Skip to main content

Fentanyl pills are shown in an undated police handout photo.

/HO - Alberta Law Enforcement Response Teams/THE CANADIAN PRESS

The number of people in Alberta who died by accidentally overdosing on fentanyl in the first nine months of this year has exceeded the total number of deaths attributed to fentanyl in all of 2016, according to a new provincial report.

The Alberta government says 400 people died between January and the end of September by accidentally consuming fatal amounts of fentanyl, compared with 357 for all of last year. On average, 1.8 people have died every day from accidentally overdosing on opioids, which include fentanyl, in the province.

Alberta is among the provinces hardest hit by an opioid crisis that has killed thousands of Canadians.

Story continues below advertisement

Earlier this month, Calgary became the first city in Alberta to provide supervised drug-use services. The province approved five other sites in October, which are expected to open later this year or early in 2018. Four of those sites are slated for Edmonton and the fifth will open in Lethbridge.

Brandy Payne, Alberta's associate minister of health, said the province has not yet taken advantage of the federal government's offer to open temporary overdose-prevention sites because it is still waiting for Ottawa to roll out details. Further, Alberta has not identified other potential locations for supervised drug-use sites.

"We've heard from some other communities that might be interested in looking into it, but those conversations are in very early days," Ms. Payne said in an interview.

Still, Alberta does not plan to declare a public-health emergency, as B.C. did last year. The BC Coroners Service counted 914 illicit-drug overdose deaths related to fentanyl in the first nine months of this year.

Ms. Payne said the provincial Public Health Act is more suited for emergencies tied to serious communicable diseases such as influenza, Ms. Payne said. Similarly, Ontario rejected calls to declare a state of emergency in the face of the opioid epidemic.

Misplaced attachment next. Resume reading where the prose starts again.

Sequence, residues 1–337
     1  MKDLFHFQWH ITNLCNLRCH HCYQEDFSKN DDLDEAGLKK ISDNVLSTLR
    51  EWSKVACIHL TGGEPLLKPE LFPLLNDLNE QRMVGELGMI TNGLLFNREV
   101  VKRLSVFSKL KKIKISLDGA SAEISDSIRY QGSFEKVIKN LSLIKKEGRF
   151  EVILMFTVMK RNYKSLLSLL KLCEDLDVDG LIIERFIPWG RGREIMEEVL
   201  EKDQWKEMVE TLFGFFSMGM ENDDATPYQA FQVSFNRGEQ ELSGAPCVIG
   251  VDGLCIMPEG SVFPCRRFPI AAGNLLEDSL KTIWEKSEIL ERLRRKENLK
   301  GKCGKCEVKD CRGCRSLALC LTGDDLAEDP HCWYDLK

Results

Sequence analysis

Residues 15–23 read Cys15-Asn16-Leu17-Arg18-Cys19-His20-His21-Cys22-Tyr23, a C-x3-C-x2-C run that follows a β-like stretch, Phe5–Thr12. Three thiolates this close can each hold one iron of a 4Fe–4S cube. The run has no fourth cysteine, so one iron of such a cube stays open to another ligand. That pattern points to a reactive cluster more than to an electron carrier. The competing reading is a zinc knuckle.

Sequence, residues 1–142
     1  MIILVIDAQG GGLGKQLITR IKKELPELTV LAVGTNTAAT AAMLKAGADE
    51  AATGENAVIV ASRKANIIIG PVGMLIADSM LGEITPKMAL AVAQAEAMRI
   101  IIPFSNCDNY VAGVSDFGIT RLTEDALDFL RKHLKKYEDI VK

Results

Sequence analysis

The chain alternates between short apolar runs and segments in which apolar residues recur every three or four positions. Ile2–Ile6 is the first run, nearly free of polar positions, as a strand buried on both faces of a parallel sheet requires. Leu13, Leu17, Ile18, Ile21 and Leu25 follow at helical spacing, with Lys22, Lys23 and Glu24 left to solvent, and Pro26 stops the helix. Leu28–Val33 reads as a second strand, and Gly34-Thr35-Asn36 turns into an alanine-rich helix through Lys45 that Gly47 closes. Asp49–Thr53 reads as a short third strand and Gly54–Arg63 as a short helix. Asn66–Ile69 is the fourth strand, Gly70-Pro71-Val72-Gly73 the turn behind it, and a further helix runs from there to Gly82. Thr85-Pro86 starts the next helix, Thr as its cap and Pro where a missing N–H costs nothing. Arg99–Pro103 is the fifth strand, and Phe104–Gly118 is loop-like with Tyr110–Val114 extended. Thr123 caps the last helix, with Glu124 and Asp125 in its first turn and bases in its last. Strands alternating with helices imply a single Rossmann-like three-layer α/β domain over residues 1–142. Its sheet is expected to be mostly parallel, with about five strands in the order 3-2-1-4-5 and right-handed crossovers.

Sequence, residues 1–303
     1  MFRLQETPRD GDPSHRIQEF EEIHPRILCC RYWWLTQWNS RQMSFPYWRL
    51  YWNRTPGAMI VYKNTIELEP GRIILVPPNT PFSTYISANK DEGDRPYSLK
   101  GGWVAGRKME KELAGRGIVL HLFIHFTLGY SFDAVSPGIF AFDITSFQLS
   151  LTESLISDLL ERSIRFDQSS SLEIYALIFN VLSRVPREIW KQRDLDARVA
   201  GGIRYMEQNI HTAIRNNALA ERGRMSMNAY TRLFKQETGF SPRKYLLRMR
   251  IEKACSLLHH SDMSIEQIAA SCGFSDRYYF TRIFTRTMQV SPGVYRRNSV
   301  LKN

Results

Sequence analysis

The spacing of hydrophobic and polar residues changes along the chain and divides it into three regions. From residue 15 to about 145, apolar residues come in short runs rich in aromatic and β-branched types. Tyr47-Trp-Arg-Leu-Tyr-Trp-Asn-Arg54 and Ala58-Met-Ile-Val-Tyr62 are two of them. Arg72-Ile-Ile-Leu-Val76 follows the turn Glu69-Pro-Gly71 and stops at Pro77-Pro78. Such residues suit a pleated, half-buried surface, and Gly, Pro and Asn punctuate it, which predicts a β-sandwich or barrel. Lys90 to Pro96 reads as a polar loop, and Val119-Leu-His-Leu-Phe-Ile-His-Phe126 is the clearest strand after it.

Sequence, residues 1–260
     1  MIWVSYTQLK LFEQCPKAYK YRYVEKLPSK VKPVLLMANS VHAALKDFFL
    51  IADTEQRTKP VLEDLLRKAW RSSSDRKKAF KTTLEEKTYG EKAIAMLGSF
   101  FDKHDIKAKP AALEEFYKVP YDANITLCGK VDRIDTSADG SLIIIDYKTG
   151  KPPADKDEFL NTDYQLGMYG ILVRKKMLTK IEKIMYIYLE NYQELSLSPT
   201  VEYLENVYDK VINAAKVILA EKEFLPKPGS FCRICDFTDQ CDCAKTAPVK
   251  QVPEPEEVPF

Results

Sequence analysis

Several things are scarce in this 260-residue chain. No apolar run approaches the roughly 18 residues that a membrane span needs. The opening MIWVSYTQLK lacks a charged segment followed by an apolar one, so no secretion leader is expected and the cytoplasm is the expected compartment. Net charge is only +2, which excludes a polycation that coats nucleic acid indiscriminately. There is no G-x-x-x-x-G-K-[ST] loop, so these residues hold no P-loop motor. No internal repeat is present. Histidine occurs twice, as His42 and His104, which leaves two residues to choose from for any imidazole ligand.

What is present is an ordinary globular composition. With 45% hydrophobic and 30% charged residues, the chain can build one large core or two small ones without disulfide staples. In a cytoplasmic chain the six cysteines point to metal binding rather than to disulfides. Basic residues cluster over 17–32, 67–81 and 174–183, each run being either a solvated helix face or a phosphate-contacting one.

"It is a different kind of emergency than we've seen in the past," Ms. Payne said. "It is not clear [B.C.'s declaration of a public-heath emergency] has done anything to help the situation there any more than the work we've been doing here."

Instead, Alberta created an opioid emergency-response commission and earmarked $56-million to address its opioid crisis this year. This includes the $30-million dedicated to funding the recommendations made by the opioid emergency-response commission. The commission, for example, recommended Alberta fund supervised consumption sites.

Story continues below advertisement

The federal government, in an announcement two weeks ago, said it would allow all provinces and territories to open temporary overdose-prevention sites while their applications for permanent – and better-equipped – facilities are being processed. Ottawa also said all supervised drug-use sites will be permitted to test illicit substances for contaminants such as fentanyl. This, officials hope, will help slow the death rate even as people continue to consume illicit drugs.

Fentanyl is between 50 and 100 times more potent than morphine. Just a few salt-sized grains can kill an adult. Alberta's opioid statistics also reflect a sharp jump in the number of deaths related to carfentanil, which is a member of the fentanyl family. Carfentanil is 10,000 times more potent than morphine and used as a sedative for large animals such as elephants.

Alberta noted 44 people died of carfentanil-related overdoses in the third quarter of 2017, 23 in the second quarter, and 30 in the first quarter. By way of comparison, carfentanil was detected in 29 people who died by overdoses in all of 2016. (Alberta includes carfentanil-related deaths in its overall fentanyl tally.)

Report an error Editorial code of conduct
Due to technical reasons, we have temporarily removed commenting from our articles. We hope to have this fixed soon. Thank you for your patience. If you are looking to give feedback on our new site, please send it along to feedback@globeandmail.com. If you want to write a letter to the editor, please forward to letters@globeandmail.com.

Welcome to The Globe and Mail’s comment community. This is a space where subscribers can engage with each other and Globe staff. Non-subscribers can read and sort comments but will not be able to engage with them in any way. Click here to subscribe.

If you would like to write a letter to the editor, please forward it to letters@globeandmail.com. Readers can also interact with The Globe on Facebook and Twitter .

Welcome to The Globe and Mail’s comment community. This is a space where subscribers can engage with each other and Globe staff. Non-subscribers can read and sort comments but will not be able to engage with them in any way. Click here to subscribe.

If you would like to write a letter to the editor, please forward it to letters@globeandmail.com. Readers can also interact with The Globe on Facebook and Twitter .

Welcome to The Globe and Mail’s comment community. This is a space where subscribers can engage with each other and Globe staff.

We aim to create a safe and valuable space for discussion and debate. That means:

  • Treat others as you wish to be treated
  • Criticize ideas, not people
  • Stay on topic
  • Avoid the use of toxic and offensive language
  • Flag bad behaviour

Comments that violate our community guidelines will be removed.

Read our community guidelines here

Discussion loading ...

Cannabis pro newsletter